You no longer follow Karen B

You will no longer see updates from this user when they write new reviews, or suggestions based on their library or recommendations.

You can re-follow a user if you change your mind.

OK

You now follow Karen B

You will receive updates from this user when they write new reviews, or suggestions based on their library or recommendations.

You can unfollow a user if you change your mind.

OK

Karen B

birkelbk

San Antonio, TX USA | Member Since 2011

ratings
26
REVIEWS
3
FOLLOWING
0
FOLLOWERS
0
HELPFUL VOTES
0

  • Ball Four: The Final Pitch

    • UNABRIDGED (18 hrs and 32 mins)
    • By Jim Bouton
    • Narrated By Jim Bouton
    Overall
    (270)
    Performance
    (241)
    Story
    (240)

    When Ball Four was published in 1970, it created a firestorm. Bouton was called a Judas, a Benedict Arnold and a “social leper” for having violated the “sanctity of the clubhouse.” Baseball commissioner Bowie Kuhn tried to force Bouton to sign a statement saying the book wasn’t true. Ballplayers, most of whom hadn’t read it, denounced the book. It was even banned by a few libraries. Almost everyone else, however, loved Ball Four.

    Dennis Anderson says: "Author's reading provides new insight into classic"
    "On Deck...Baseball's Paraiah"
    Overall
    Performance
    Story

    I don't have a love of baseball, but I have an appreciation for it since I married a baseball fan and am raising a baseball fanatic. When we heard Jim Bouton on a radio program, my husband said he read Ball Four when he was a teenager and remembered it being a good book, so I thought I'd listen to it. Jim Bouton, telling his own stories, was a riot, especially when he couldn't keep from laughing at some of the antics of his teammates during the telling. I thoroughly enjoyed this book because it was a real insiders look at the clubhouse workings of baseball in the mid-century of the game. Bouton tells about people I remember from my childhood as former baseball players, so getting to know them as active players was delightful.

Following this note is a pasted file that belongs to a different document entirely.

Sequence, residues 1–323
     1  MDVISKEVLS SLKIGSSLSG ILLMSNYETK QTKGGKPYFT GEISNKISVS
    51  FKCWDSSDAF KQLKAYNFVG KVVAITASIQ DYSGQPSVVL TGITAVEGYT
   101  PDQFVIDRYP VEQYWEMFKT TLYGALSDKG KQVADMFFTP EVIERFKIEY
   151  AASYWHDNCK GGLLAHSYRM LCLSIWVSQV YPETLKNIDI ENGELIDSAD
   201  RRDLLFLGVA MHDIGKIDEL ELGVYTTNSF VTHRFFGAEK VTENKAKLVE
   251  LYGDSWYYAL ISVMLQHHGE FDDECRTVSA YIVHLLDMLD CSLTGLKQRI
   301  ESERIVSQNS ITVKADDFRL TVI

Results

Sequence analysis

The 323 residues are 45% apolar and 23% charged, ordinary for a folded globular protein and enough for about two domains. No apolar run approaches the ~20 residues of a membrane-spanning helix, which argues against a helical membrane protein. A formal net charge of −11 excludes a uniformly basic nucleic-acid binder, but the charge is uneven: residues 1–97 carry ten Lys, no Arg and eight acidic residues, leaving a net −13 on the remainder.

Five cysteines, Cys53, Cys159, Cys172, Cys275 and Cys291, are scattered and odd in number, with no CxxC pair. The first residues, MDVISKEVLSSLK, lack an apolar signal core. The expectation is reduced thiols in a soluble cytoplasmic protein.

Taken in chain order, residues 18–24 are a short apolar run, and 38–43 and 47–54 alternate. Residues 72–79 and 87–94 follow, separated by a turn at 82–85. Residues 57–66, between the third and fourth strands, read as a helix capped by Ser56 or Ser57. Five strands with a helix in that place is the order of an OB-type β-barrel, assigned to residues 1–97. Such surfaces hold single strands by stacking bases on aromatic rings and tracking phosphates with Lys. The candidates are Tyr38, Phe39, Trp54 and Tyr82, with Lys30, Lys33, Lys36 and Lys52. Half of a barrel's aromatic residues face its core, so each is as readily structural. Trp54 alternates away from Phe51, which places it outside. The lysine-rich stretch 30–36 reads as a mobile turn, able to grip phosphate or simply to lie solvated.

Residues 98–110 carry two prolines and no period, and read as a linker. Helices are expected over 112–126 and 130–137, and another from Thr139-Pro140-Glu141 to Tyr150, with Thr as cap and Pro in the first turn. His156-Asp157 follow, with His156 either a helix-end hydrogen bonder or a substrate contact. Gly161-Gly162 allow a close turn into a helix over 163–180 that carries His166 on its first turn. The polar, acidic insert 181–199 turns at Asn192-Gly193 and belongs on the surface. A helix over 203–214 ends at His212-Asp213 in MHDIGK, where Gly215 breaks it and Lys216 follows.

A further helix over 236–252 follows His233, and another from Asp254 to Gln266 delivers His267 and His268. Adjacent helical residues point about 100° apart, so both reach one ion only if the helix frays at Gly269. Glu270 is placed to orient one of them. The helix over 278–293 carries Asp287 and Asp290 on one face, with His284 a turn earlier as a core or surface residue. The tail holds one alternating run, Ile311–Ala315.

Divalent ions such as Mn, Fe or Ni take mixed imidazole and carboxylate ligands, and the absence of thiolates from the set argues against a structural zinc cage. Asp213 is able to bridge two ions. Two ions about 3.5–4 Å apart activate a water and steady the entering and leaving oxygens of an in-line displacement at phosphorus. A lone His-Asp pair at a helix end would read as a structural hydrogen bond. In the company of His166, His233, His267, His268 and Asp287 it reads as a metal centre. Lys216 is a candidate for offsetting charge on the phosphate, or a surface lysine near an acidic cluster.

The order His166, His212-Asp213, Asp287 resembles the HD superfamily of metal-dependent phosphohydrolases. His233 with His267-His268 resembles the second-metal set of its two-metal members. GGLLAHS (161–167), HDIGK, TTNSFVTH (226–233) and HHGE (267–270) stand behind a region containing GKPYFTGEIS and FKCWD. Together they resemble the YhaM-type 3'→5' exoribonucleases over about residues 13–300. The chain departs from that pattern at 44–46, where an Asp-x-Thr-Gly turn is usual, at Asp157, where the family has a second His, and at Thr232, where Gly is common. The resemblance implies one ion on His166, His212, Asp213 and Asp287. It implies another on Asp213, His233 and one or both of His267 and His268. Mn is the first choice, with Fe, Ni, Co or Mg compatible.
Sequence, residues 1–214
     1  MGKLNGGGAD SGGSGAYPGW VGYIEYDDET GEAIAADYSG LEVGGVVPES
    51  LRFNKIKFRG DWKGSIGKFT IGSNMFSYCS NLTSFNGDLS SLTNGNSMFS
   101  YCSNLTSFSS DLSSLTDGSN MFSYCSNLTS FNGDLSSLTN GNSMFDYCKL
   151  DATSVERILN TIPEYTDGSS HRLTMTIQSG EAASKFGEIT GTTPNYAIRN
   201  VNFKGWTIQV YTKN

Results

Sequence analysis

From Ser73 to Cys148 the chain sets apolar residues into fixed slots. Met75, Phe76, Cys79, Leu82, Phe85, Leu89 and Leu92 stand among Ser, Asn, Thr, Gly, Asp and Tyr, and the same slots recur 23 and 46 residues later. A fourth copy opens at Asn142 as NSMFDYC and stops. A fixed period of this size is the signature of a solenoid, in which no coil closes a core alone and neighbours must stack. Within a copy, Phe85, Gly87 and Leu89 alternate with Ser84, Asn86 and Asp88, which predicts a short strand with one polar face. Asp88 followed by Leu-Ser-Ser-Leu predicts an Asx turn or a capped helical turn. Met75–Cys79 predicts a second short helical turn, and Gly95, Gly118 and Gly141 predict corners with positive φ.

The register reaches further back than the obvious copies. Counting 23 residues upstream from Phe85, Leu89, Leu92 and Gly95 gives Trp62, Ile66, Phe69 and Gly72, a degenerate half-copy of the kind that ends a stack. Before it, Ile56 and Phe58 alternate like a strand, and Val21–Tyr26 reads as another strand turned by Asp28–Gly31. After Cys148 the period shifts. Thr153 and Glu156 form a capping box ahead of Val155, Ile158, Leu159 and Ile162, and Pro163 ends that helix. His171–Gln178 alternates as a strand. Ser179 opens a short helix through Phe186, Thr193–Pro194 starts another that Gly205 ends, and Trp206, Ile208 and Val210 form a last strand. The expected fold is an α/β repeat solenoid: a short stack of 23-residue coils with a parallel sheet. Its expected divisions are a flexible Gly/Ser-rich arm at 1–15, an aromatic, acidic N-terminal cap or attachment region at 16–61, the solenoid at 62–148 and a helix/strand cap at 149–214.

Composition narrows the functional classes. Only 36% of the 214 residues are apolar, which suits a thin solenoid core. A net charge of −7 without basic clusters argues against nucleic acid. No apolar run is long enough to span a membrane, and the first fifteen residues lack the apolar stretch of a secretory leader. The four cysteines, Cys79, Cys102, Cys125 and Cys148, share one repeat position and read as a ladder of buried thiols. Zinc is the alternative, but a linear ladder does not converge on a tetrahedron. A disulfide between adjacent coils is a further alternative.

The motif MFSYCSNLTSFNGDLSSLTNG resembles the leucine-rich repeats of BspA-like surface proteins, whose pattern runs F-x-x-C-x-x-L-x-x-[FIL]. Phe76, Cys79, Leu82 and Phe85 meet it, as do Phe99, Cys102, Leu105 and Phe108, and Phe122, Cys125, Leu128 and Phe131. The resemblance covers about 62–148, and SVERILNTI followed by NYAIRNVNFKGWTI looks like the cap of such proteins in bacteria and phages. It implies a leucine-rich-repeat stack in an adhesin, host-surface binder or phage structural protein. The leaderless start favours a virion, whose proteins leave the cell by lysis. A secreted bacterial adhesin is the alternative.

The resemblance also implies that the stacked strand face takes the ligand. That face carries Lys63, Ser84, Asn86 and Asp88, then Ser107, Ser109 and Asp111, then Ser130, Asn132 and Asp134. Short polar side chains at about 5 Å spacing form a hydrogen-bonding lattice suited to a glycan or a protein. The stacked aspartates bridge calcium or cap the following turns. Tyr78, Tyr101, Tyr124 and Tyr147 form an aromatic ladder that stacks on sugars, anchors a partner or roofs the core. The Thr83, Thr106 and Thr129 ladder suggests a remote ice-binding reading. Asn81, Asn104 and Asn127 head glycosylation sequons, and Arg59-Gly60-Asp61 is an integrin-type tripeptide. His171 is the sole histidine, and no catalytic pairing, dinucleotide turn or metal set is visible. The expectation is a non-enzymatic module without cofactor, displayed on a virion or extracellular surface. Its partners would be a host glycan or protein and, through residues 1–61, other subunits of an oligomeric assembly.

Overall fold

It is really sad that so many in baseball turned against Bouton for his tell-all book, the first of many written by other baseball players and managers. There was nothing in the narrative that would cause an outsider to make any value judgements on any of the players, thereby justifying their shunning of Bouton. And while Ball Four is a complete story on its own, "The Final Pitch" part contains material from the 10-year anniversary re-release (Ball Five) and the 20-year re-release (Ball Six). Jim Bouton brings the real, human perspective of the effects a career in baseball has on a person in the final chapters of The Final Pitch.

    I recommend Ball Four: The Final Pitch to anyone with any level of appreciation for baseball because it will bring untouchable players off the field and into your heart.

    0 of 0 people found this review helpful
  • 11-22-63: A Novel

    • UNABRIDGED (30 hrs and 44 mins)
    • By Stephen King
    • Narrated By Craig Wasson
    Overall
    (17207)
    Performance
    (15286)
    Story
    (15239)

    On November 22, 1963, three shots rang out in Dallas, President Kennedy died, and the world changed. What if you could change it back? In this brilliantly conceived tour de force, Stephen King - who has absorbed the social, political, and popular culture of his generation more imaginatively and thoroughly than any other writer - takes listeners on an incredible journey into the past and the possibility of altering it.